# 3:  Have me, Michael Ehret, and Peter Leavell do a benefit opera. We’ll call ourselves the Track-Change Tenors and dress in red tuxedos, complete with red cowboy hats and red cowboy boots. Undoubtedly Michael will demand that red bow ties be optional.

# 2:  A pay-per-view Mixed Martial Arts octagon challenge between writers and the agents or editors who have rejected them in the past (complete with tights and stage names)

# 1:  As much as this one gives me the dry heaves, I recognize that it may work since the majority of ACFW’s membership is female…How about selling a Men of ACFW Kilt Calendar?

I hope this helps. And I pray that #1 will never be necessary.

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Multiple Choice Test: Are YOU ready for conference?

Are you going to conference in a few weeks? Are you nervous, wondering if you’re really ready to face what awaits you? Well, fear not, my fellow writer…I’m here to help 🙂 . Below is a multiple choice test to see if you really are ready to sit down in front of an agent or editor and–with a straight face–say, “Yes. I’m a writer.” They just may ask to see your score from this test…or maybe not. But take it any way.

1.  ACFW stands for:

A. Always Crafty Fickle Wordsmiths

B.  Antsy Creative Friendly Weirdos

C. American Christian Fiction Writers

 

2.   If facing a sagging middle, a writer should:

A.  Slip into a girdle.

B.  Think about someone fatter.

C.  Revise, Cut, Polish

 

3.  What’s the best way to view a prospective agent?

A.  With binoculars

B.  From under the partition in the bathroom stall.

C.  As a respected professional.

 

4.  When told you have a POV problem, be sure to:

A. Cover your entire body in antibiotic cream and ask someone to scratch the places you can’t reach.

B.  Cover your face and yell, “Unclean! Unclean!” whenever someone approaches.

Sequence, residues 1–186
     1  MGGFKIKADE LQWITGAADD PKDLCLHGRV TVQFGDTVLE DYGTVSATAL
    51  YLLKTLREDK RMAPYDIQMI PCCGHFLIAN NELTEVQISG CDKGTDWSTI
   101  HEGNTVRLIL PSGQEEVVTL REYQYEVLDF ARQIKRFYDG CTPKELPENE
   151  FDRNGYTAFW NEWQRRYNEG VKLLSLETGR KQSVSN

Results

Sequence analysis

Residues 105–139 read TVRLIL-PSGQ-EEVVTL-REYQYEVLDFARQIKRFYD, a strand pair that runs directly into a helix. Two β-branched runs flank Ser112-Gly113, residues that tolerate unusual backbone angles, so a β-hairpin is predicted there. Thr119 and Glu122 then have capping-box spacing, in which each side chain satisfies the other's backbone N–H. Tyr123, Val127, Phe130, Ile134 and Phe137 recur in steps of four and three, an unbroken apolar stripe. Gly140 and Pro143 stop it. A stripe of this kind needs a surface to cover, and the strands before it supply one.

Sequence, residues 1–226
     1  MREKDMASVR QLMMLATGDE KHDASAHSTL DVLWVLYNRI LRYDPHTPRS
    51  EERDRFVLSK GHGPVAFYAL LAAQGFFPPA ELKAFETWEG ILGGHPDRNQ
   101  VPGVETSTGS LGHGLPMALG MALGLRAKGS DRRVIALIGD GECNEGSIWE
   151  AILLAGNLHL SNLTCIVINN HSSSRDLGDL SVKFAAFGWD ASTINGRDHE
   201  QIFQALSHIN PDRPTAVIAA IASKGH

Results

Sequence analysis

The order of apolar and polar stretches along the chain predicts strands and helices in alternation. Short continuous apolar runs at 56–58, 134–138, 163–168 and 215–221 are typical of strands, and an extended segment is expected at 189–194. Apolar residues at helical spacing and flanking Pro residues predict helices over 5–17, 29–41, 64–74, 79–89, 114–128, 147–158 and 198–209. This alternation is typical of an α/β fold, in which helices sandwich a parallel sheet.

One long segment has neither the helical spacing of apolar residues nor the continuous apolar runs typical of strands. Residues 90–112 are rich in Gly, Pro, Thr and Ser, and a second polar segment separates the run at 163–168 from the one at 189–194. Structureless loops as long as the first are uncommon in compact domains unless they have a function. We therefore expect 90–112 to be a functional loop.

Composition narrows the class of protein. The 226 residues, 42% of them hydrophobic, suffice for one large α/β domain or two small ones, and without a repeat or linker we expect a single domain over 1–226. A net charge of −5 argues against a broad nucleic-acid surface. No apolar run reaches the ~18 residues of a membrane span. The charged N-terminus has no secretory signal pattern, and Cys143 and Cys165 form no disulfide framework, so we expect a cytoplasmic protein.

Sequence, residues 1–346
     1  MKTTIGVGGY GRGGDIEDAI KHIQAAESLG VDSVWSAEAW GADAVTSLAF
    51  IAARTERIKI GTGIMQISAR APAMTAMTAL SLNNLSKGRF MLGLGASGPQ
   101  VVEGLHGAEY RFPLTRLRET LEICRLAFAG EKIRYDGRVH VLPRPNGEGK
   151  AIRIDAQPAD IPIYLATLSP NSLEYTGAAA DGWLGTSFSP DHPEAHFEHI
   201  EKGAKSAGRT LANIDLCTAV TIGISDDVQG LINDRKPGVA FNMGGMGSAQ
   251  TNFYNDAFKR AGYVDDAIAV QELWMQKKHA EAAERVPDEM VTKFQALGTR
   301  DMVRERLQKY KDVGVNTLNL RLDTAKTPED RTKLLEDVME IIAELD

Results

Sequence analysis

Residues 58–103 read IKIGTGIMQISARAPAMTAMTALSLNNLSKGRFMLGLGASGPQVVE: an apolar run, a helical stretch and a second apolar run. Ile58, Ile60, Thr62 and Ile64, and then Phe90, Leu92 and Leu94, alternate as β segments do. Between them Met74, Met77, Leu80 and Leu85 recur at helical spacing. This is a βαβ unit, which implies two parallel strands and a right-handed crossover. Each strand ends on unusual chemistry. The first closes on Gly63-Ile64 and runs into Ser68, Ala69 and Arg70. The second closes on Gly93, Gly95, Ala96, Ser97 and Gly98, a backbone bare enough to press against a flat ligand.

C.  Seek help from a critique partner or an editor.

 

5.  What is Writer’s Block?

A.  A neighborhood where only Authors live.

B.  The place writers go to get their taxes done.

C.  A frustrating time of little or no progress.

 

6.  What is genre?

A. A brother to Barbra. (Sound it out and think about it)

B.  A snooty Frenchman.

C.  A category of literature characterized by similarities in form, style, or subject matter.

 

7.  What is a metaphor?

A.  For cows to graze in.

B.  Half of a meta-eight.

C.  A figure of speech containing an implied comparison.

 

8.  When addressing an editor, you should begin by saying:

A.  “What’s shakin’, Oh mighty Gatekeeper?”

B.  “I hope you brought your stretchy pants, ’cause you’re gonna feast on my manuscript tonight!”

C.  “Thank you for your time.”

 

9.  Self-publishing is:

A.  The photocopies you made of your hand, face, and whatever else before you were thrown out of Kinkos.

B.  The short story your wrote on your belly with a permanent marker.

C.  A growing trend in Fiction.

 

10. The most exciting thing about this year’s conference is:

A. That creepy Larry W. Timm won’t be there.

B.  The opportunity to see if you can break your indoor dessert eating record at the banquet.